Land Acknowledgement Practice Resources
Dance/NYC believes the dance ecology must itself be just, equitable, and inclusive to meaningfully contribute to social progress and envisions a dance ecology wherein power, funding, opportunities, conduct, and impacts are fair for all artists, cultural workers, and audiences. To that end and as articulated in our Racial Justice Agenda, Dance/NYC seeks to dismantle white supremacy in dance and amplify the voices and autonomy of the African, Latina/o/x, Asian, Arab, and Native American (ALAANA) community. Dance/NYC acknowledges that the terms enclosed within the acronym ALAANA are not necessarily those that best represent these communities. The language we use across our justice, equity and inclusion initiatives is currently under organizational review.
As a way of deepening our work and learning in racial justice, we regularly practice Land Acknowledgments at meetings and public convenings to recognize our country’s violent history and its legacy in the space we occupy. This practice is currently under development with the guidance of Indigenous dance artist and activist Emily Johnson to ensure that we embody this allyship. This includes taking actionable steps towards reparations in this initial instance by nurturing relationships with local Indigenous and First Nations artists and organizations, and making pathways for Lënape artists and leaders to return to Lenapehoking, today.
As a service organization, Dance/NYC often gets requests from artists and colleague arts organizations to share our Land Acknowledgement “language” and/or “protocols.” At this time, these are materials we typically do not publicly share in written form. We encourage the members of our community, our colleague organizations and friends to begin their own practice of land acknowledgement.
Dance/NYC has compiled this page which will be regularly updated and includes a resource list compiled by Emily Johnson that includes additional First Nations and Indigenous artists and scholars leading this work. We encourage all processes of Land Acknowledgement to include the development of intentional relationship and accountability with a First Nations artist and/or organization that includes compensation for ongoing work; a direct offer of reparations to Indigenous and First Nations artists in Lënapehóking; and a clear articulation of measurable actions and ongoing commitments for the future.
A Guide and Call to Acknowledgment
- Find your native land and learn more about territory acknowledgment
- Honor Native Land through the U.S. Department of Arts and Culture
- Guide to Indigenous Land and Territorial Acknowledgments for Cultural Institutions
- Decolonization is not a Metaphor by Tuck, Eve and K.W Yang; 2012
- Changing the Narrative about Native Americans, a Guide for Allies
- Reclaiming Native Truth Research Findings
- Beyond Territorial Acknowledgments
- Catalyst Dance Decolonization Rider
- Praxis Sessions for Virtual Collaboration: Land Acknowledgements hosted by Unsettling Dramaturgy: Crip & Indigenous Dramaturgies
- Stanford Live land acknowledgment video and resources
- Howlround Instigating Institutional Change Towards Decolonization
- 'Tourists' In Our Own Homeland - The Lenape people were driven out of our homeland in the northeast U.S. Here's what it was like to go back.
- To find out whose lands you are on, text your zip code or city and state (separated by a comma) to (907) 312-5085 and a bot responds with the names of the Native lands that correspond to that region. The service currently only works for US residents, but may be available for other countries in the future. Please note, this is a useful tool to gather information but is not a replacement for building a meaningful relationship to the original stewards of the lands you occupy.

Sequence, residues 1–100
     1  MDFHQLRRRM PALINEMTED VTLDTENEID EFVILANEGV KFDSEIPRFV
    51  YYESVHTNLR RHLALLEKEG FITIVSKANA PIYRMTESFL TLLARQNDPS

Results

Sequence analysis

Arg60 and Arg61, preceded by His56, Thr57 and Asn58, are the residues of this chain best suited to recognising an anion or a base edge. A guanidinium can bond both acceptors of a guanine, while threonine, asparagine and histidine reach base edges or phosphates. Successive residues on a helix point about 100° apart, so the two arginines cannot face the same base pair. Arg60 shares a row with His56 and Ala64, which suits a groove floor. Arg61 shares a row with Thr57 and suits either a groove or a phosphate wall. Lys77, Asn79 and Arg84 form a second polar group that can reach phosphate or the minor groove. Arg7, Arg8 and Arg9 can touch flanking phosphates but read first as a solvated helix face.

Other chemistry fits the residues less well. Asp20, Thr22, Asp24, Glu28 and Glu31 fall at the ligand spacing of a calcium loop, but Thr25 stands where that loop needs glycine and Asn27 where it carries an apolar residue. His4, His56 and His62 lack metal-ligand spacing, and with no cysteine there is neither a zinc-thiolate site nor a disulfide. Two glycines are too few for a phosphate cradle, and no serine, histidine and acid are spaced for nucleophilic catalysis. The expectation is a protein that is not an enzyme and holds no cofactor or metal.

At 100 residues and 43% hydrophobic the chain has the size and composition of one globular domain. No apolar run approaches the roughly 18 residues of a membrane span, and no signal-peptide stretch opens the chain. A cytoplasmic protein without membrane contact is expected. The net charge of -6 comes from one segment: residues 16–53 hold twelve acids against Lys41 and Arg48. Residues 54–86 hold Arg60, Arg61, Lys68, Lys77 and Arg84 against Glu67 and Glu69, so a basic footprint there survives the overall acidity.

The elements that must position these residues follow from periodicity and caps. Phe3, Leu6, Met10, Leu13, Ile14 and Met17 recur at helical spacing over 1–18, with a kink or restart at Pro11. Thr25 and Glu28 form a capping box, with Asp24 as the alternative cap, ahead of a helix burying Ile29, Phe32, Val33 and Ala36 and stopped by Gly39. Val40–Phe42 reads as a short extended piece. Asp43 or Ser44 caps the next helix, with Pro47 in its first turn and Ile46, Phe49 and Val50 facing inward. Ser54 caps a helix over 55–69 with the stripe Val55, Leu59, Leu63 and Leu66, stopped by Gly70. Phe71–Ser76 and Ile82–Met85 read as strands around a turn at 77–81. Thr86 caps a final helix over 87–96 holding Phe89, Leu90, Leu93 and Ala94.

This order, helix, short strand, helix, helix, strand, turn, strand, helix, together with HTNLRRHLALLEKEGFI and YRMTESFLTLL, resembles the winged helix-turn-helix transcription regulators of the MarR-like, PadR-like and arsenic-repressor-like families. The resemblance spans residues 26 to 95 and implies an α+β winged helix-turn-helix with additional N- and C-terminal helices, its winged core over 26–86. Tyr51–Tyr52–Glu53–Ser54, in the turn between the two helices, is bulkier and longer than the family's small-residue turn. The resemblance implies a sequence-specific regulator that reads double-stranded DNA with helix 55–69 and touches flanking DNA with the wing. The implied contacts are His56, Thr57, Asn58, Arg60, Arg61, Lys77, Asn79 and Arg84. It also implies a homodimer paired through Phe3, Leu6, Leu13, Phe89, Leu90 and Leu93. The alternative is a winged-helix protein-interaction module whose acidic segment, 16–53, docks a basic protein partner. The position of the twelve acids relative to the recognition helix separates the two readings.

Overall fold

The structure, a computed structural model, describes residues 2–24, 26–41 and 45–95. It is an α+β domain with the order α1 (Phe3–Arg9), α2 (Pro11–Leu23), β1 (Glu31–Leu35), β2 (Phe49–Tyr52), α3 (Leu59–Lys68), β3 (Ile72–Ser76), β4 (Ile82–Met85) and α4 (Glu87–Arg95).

Advisors & Agencies
- Felicia Garcia, Samala Chumash
Contact: email@example.com / firstname.lastname@example.org
- Melissa Shaginoff, Ahtna/Paiute; Udzisyu (caribou) and Cui Ui Ticutta (fish-eater) clans from Nay’dini’aa Na Kayax (Chickaloon Village)
Contact: Melissashaginoff.com / email@example.com
- Indigenous Direction
Contact: Indigenousdirection.com / firstname.lastname@example.org
Indigenous-Led Organizations in Lënapehóking (NYC)
- Lenape Center: Lenape Center is committed to resisting the erasure of the Lenape people in their ancestral homeland of NYC through efforts to preserve, promote, and create Lenape arts, culture, and language (Unami).
- Amerinda: AMERINDA‘s mission is to promote the indigenous perspective in the arts to a broad audience through the creation of new work in contemporary art forms—visual, performing, literary and media.
- Redhawk Native American Arts Council: Redhawk Native American Arts Council is a not for profit organization dedicated to educating the general public about Native American heritage through song, dance, theater, works of art and other cultural forms of expression.
- American Indian Community House: (AICH) was founded in 1969, by Native American volunteers as a community-based organization, mandated to improve the status of Native Americans, and to foster inter-cultural understanding.
- Lenapeowsi Foundation: A group of concerned parents, community members, and elders that came together to pass on the Lenape language, culture, and traditions to young tribal members.
Research on Colonial Structures in Language
- A Copy Editor’s Education in Indigenous Style
- Indigenous Peoples Terminology Guidelines for Usage
- Indigenous Inclusive Language (Australia)
Dance/NYC seeks to facilitate the sharing of information and resources to the community during this moment. Dance/NYC bears no responsibility for the accuracy, legality or content of the external sites. Please contact the external site for answers to questions regarding its content.